14. Thanks, Dan (@dbdlee). I was really wondering for a while about MIA parts. The first two pieces I tried to place in the cockpit flew into oblivion, as did the last two pieces I tried to place. Like bookends.

  15. Really cool looking build, and nice work on a limited run kit. Well done and you have really turned out a good looking plane here.

  16. Looks really nice. I was going to buy one of these kits but the boring paint scheme turned me off. You did a great job of making this scheme look good.

  17. Great result on a challenging short run kit, George. It was fun watching it come together (and quite quickly too). I love the snake art on the side. The RLM02 is a nice warm color that looks good as an overall finish, typical of German prototypes. Your subtle weathering techniques add further interest to the color scheme. To throw in my 2 cents worth on what the Me 209 resembles, I would have to say the MiG 3. Interesting that the Germans committed to such a design when they held Soviet aircraft types in such disdain early in the war. I think the Mig-3 is underrated and is one of my favorites, design-wise (must get to my Trumpeter version in 1/32 soon or maybe the ICM in 1/48).

  18. Thanks, Walt (@luftwaffe-birdman), Dale (@dtravis), and Colin (@coling). I agree with your choices about what it looks like. I thought it looked like the child that would result if a Mig-3 mated with a Gee Bee Model R. In my reading about this plane, I discovered one of the many reasons it never became a fighter had to do with the fact that you couldn’t see the runway when you were landing. Experienced test pilots could land it, but squadron pilots who tried it had a lot of problems. I almost didn’t buy this plane because it had only one paint scheme. As Henry Ford used to say: “You can get a Model-T in any color you want, as long as it is black.” I used AK Real Colors for this build, and they had two different RLM02s: one early war that was more green than gray, and a late war shade that was more gray than green. I used the early war shade.

    Colin: From my reading, the Germans built this plane and broke the speed record in the late 30s. When the Luftwaffe failed to obtain air superiority in the Battle of Britain, they were trying to find something that would outfly the British, and later, the American planes. They turned to the 209, but found it was unstable (much like the Gee Bee). They extended the wings and tail to give more control. They also added 2 machine guns in the nose. They would also have liked to put guns in the wings to give it more firepower, but the entire wing was filled with coolant for the engine. After they made all of these changes, the 209 actually had lower performance than the existing 109s. In 1943, they built a heavily modified “super” 109, which was also called the Me-209. It was a direct competitor for the FW-190D. This second 209 turned out to be much slower than the 190D, and the project was cancelled.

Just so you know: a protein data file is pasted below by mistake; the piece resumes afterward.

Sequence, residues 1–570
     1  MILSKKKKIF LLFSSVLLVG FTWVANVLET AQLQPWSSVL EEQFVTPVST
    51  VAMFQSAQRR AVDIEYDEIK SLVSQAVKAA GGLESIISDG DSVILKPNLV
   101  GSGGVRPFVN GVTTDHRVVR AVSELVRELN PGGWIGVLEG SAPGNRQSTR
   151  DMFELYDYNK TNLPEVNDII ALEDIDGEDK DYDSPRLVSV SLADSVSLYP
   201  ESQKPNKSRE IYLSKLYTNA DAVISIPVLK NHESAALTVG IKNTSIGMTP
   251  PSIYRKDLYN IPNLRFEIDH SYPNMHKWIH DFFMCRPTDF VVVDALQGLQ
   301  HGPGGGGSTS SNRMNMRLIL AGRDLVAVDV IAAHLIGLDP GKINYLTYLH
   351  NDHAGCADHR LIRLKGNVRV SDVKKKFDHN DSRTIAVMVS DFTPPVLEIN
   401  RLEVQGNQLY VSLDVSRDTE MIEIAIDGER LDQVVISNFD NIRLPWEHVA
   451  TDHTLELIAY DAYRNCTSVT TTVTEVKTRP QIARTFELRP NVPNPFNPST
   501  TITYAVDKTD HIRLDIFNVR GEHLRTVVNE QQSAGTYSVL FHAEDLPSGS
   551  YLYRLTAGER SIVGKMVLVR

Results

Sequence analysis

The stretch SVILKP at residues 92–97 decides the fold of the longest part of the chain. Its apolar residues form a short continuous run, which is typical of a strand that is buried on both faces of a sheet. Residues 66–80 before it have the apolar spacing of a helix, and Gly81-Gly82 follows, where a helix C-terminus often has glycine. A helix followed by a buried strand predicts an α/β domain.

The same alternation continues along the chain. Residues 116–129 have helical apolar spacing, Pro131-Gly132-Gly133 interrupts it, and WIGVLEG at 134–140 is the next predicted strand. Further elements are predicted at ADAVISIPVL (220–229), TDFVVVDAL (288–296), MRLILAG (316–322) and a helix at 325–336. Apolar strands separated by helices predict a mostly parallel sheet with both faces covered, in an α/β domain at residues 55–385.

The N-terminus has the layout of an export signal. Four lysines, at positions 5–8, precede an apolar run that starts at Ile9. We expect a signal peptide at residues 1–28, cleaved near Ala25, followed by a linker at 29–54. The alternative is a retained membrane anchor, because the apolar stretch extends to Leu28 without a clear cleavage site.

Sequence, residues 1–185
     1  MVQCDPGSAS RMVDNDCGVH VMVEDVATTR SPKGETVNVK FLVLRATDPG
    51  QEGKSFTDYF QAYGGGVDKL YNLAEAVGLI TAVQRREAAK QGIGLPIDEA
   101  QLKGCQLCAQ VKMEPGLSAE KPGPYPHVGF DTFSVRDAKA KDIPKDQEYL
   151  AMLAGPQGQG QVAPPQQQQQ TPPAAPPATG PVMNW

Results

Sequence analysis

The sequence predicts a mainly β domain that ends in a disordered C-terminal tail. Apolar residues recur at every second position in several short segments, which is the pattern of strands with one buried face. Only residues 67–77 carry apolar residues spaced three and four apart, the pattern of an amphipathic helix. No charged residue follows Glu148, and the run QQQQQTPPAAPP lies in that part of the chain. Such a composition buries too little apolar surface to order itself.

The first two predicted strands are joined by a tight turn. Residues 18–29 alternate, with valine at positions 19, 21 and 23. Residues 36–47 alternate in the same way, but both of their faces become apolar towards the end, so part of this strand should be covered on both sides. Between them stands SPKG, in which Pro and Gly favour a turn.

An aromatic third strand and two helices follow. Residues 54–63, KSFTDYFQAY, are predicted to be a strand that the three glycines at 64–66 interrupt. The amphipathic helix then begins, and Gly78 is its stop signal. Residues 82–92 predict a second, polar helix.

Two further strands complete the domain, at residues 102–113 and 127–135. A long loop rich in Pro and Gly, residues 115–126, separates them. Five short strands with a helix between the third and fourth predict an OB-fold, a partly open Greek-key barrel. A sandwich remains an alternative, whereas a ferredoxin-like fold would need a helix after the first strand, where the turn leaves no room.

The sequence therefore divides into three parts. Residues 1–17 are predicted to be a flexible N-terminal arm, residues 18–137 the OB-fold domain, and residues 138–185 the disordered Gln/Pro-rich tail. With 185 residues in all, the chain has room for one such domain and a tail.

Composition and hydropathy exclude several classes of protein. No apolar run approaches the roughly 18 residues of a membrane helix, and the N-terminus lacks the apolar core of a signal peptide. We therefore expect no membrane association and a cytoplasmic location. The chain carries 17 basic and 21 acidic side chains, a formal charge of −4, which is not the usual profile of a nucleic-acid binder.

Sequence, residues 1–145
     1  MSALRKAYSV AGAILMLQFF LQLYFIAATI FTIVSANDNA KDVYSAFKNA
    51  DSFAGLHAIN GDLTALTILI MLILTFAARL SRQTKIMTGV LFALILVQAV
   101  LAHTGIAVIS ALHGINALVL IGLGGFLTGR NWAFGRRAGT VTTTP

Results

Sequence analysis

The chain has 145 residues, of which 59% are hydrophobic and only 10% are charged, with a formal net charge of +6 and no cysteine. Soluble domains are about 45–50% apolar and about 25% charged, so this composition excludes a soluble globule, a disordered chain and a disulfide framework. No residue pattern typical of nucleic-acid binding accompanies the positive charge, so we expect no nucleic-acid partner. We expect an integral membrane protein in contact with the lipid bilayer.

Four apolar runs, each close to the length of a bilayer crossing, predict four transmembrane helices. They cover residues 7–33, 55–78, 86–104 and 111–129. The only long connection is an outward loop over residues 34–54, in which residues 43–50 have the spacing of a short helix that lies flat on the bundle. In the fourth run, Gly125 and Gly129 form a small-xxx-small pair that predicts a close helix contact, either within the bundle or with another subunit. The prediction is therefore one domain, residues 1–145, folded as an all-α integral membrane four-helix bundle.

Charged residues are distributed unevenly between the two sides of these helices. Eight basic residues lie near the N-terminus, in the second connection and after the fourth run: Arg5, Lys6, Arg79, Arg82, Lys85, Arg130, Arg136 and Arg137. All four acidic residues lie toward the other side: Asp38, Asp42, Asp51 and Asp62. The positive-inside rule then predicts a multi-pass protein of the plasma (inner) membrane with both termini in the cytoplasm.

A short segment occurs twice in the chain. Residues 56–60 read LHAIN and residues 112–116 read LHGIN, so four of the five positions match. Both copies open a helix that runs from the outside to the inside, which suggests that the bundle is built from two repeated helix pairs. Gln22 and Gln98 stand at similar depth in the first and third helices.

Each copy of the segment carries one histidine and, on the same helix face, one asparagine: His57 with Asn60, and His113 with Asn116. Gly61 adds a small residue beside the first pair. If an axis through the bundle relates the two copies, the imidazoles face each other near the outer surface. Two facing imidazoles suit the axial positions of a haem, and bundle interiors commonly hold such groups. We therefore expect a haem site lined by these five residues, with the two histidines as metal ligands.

19. Great build of a relatively unknown subject! Looks great! (good luck with the move – that is never fun…)

  20. Thanks, Greg (@gkittenger). If I recall correctly, you recently moved also. Thanks to the pandemic, it will probably be almost a year between our buying the house in November, and the estimated completion in October. First they had trouble getting wood, then shingles, and now plumbing fixtures. The prices of new homes has skyrocketed here. It has gotten so bad that the builder is sometimes walking into closing and offering the buyer huge sums to walk away from the deal so they can sell the house at the new, higher price. Crazy times. Stay safe.

  21. Nicely done and unusual, resembles a little of the Curtiss P-37.

  22. Thanks, Robert (@roofrat). I hadn’t thought about the P-37. Another plane that visibility over the nose must have been near zero.